BUS services in the city will be immediately suspended if the safety of drivers or passengers is compromised.
A new protocol is now in place that will see daytime services suspended for two hours if instances of anti-social behaviour take place.
The decision comes following meetings between Bus Éireann, unions representing bus drivers, and the gardaí.
Evening services will be suspended for the remainder of the day.
The decision was taken following a spate of attacks on city buses in recent months including one incident where a bus driver was shot with a pellet gun.
Racism, abuse, and other attacks have also been reported.
On Monday, a decision was taken by Bus Éireann to halt operation of the 202 and 219 buses on Ringmahon Road, and services were instead made available via Skehard Road. This followed a rock being thrown at a bus on the road. Gardaí were informed of the incident.
The Ringmahon Road route was later reinstated, but the National Bus and Rail Union (NBRU) general secretary, Dermot O’Leary, has said suspensions will become common practice if the antisocial incidents continue.
“This gives us no pleasure at all, and suspensions will affect genuine users of services but the safety of our drivers and passengers has to come first.
“We absolutely do not want to inconvenience passengers but these are necessary measures. Routes will be pulled if incidents happen,” Mr O’Leary added.
Councillor Kieran McCarthy called on people to have respect for bus services.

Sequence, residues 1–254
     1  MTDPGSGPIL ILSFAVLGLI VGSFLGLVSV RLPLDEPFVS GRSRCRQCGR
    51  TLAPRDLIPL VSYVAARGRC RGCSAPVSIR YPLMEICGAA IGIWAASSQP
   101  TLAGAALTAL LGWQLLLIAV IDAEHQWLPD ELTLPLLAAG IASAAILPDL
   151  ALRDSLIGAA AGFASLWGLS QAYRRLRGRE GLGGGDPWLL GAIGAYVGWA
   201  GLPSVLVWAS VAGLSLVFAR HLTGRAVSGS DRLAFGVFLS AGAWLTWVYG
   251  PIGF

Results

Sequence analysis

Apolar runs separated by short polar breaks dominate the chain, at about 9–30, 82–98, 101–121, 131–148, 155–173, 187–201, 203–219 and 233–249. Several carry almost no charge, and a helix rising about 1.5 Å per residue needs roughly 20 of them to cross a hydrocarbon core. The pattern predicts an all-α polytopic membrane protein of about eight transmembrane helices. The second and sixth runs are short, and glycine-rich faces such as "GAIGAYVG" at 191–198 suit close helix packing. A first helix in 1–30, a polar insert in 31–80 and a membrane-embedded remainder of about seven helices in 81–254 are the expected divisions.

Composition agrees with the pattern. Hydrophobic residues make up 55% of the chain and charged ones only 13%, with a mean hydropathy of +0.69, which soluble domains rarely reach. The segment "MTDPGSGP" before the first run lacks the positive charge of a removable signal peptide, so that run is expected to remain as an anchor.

“We need to respect the bus drivers and the job they are trying to do. There seems to be a growing disrespect towards bus drivers in the city from youths, and that’s right across Cork city. Bus drivers are just trying to do their job.
“I am in complete solidarity with the bus drivers, and gardaí need to intervene. I’m in no doubt these incidents are on their radar.”
Cork south east Labour representative Peter Horgan said people will be “majorly inconvenienced” by suspensions now that schools are back and has called for more gardaí to be placed in Cork to tackle anti-social behaviour.
“We need more gardaí, it’s as simple as that. Also, people who operate buses and public transport need to feel safe.
“We are trying to encourage people to take public transport but if the drivers aren’t safe, how is the public supposed to? This is going to result in less people using public transport and that’s a backwards step,” he added.
Attacks on buses is now set to be discussed at the next meeting of Cork City Joint Policing Committee.